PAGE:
Repackaged images
February 4, 2011 10:04 AM   Subscribe

Help me find where (or if) people have talked about the practice, seen on tumblr and in wider visual blog culture, of completely forgoing citation when posting other people's visual work.

I have wanted to ask this question for awhile now but have held off, partially out of embarrassment (my age is showing). I follow some Tumblr blogs and some other non-Tumblr ones like If Charlie Parker Was a Gunslinger... that focus on still visual images. Hardly if ever do the posters tell us who created the original work, even if, in the case of If Charlie Parker Was... they at least tell us who the picture is of.

Often bloggers are good about telling us if they got the image from another blogger, but all context after that is gone. Understand I am not as interested in whether these people are violating law as I am interested in whether they are violating ethics and...not to sound dramatic, but ...meaning. I know none of these people are trying to pass off these works as their own. But no matter what revolutionary theory about copying and mixing this practice (or lack of practice) comes from, it strikes me as lazy and irresponsible and in my understanding of information sharing generally a bad habit. I get that perhaps some are meant to be reproduced in an entirely new individually curated context, but I see none of that spark of creativity that would convince me that these pastiche blogs represent a new artwork.

Here is another example, perhaps a little extreme: Comically Vintage, where panels are ripped out of context. They do admit right in the tagline that the that they are placed out of context. But beyond the tagline no explanation is given. The fact that they sell these isolated panels as merch takes this to another level.

I have yet to see explanations about the process of severing images from context in any tumblr-y manifesto or "about" page. I also haven't really seen anyone else gnashing their teeth about it or convincing people like me to get over it and embrace x y or z. Have I just been to blinded with anger to notice? Where should I look?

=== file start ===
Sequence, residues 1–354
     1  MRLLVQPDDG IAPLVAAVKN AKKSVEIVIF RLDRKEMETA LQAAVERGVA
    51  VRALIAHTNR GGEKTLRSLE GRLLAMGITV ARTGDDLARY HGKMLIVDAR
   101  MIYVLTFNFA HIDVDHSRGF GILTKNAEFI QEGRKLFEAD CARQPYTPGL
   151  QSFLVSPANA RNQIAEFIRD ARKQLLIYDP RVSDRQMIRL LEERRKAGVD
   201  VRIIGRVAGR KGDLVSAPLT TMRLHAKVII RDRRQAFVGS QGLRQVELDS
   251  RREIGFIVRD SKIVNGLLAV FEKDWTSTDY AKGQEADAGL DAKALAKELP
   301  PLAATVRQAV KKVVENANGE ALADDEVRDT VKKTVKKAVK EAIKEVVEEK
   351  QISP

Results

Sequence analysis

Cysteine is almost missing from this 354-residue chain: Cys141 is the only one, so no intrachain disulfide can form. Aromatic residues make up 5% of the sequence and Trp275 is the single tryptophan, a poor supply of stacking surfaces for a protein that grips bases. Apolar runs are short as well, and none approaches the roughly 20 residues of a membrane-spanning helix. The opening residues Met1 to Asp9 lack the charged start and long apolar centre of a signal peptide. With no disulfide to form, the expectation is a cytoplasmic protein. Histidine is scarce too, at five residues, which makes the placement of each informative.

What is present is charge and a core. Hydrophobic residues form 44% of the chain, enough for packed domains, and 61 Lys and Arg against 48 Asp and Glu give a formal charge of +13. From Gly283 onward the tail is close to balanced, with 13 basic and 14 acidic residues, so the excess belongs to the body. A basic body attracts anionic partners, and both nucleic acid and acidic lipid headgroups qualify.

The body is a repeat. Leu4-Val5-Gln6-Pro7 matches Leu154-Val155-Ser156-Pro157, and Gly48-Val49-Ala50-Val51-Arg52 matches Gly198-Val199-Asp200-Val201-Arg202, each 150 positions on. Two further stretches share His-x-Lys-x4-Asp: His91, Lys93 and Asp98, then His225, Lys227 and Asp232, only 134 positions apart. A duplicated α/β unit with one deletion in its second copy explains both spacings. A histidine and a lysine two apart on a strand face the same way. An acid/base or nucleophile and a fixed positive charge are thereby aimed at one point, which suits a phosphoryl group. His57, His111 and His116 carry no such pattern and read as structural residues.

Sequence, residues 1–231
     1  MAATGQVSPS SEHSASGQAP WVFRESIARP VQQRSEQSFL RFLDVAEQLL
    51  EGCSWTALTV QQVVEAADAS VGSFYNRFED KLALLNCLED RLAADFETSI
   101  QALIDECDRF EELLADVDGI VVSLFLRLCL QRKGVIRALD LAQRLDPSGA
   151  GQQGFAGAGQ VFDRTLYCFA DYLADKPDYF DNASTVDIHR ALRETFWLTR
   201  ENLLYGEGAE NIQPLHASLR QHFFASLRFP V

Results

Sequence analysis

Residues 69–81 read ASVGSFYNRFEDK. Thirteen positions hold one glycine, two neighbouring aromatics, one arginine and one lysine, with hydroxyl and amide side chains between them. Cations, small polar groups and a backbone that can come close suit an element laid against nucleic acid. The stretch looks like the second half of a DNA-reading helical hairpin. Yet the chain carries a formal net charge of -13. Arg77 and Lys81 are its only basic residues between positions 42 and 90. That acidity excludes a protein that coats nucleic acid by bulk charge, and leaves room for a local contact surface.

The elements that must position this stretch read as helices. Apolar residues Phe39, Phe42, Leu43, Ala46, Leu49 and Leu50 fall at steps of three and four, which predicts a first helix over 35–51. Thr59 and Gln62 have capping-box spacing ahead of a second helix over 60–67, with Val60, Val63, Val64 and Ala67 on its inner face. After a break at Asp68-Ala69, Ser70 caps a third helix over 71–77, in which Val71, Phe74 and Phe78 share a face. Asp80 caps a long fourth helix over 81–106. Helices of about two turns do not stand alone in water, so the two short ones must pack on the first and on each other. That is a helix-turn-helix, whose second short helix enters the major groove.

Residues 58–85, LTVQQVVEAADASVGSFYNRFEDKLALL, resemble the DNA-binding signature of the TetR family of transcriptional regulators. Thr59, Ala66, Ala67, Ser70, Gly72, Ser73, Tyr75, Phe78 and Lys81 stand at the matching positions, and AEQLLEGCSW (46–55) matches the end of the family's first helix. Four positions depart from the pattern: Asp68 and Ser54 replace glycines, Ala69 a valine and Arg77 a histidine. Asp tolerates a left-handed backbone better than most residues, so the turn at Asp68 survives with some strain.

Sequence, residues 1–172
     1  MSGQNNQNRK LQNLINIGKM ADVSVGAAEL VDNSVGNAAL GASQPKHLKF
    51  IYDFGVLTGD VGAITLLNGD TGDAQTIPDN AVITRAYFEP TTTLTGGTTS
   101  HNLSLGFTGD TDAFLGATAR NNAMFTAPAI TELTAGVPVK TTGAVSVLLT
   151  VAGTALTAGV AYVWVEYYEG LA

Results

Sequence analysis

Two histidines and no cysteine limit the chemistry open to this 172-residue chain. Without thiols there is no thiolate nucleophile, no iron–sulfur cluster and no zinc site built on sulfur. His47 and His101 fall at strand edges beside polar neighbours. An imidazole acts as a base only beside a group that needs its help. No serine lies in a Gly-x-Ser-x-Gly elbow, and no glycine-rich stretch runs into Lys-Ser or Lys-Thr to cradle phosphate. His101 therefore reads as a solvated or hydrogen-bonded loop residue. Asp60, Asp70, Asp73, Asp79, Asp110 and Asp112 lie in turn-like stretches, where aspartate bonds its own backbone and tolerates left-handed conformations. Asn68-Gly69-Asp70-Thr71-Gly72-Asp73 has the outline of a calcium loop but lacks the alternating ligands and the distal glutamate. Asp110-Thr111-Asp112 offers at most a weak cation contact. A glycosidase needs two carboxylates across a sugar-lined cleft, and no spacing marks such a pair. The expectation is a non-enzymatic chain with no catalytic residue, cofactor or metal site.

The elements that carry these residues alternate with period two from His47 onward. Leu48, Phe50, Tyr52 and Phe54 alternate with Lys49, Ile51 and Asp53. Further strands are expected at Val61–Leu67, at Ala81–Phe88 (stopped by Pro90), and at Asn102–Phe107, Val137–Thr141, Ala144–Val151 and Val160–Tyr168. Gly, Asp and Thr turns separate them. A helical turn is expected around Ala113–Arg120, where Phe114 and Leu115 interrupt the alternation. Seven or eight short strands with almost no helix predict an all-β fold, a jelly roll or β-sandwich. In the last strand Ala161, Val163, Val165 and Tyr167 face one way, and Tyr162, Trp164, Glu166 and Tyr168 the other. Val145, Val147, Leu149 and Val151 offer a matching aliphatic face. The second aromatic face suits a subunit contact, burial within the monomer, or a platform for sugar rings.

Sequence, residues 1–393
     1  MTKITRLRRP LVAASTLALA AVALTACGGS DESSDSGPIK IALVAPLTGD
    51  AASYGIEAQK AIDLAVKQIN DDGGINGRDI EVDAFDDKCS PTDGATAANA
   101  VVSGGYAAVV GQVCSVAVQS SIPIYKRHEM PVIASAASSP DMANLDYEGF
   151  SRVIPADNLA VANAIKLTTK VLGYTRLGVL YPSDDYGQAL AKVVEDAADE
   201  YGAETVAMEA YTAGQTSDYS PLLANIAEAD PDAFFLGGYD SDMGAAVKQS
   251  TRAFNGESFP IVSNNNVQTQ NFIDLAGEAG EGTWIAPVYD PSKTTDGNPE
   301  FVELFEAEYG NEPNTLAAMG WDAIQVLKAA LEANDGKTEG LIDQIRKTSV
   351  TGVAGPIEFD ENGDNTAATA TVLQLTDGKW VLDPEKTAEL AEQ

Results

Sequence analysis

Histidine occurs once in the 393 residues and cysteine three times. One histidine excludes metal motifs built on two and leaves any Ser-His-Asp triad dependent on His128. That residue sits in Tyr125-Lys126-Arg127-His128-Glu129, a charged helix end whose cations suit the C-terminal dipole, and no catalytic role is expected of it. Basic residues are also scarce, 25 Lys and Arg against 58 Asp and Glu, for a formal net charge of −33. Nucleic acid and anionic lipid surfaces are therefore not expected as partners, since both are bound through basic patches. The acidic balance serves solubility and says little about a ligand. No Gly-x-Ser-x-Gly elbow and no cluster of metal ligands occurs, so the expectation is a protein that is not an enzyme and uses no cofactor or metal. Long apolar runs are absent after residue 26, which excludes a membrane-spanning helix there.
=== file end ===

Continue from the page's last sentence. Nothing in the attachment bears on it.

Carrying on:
posted by theefixedstars to Media & Arts (6 answers total) 7 users marked this as a favorite
One of my Tumblr friends made a good post about it recently (pro-citation/crediting).
posted by carbide at 10:10 AM on February 4, 2011

I don't have specific cites to offer, but I do see people grumble on tumblr all the time about not knowing where an image came from or whose artwork (for paintings/drawings) it is. I'm an older tumblr tumbler and many of the people I follow are personal friends in and near my age group. The consensus in offline discussion seems to be that the lack of citation is a matter of simply not being bothered to post context rather than an artistic statement.

Personally I can't be bothered to look up who originally did something I'm reblogging, but my tumblr isn't a curated art space. It's an internet book of commonplaces and occasionally a conversation with others about things I enjoy, like Doctor Who, Inception macros, and fashion. Perhaps I'm interrogating the text from the wrong perspective, though.
posted by immlass at 10:13 AM on February 4, 2011

There's "So you found something cool on the Internet... which we talked about here at MeFi.
posted by ODiV at 10:39 AM on February 4, 2011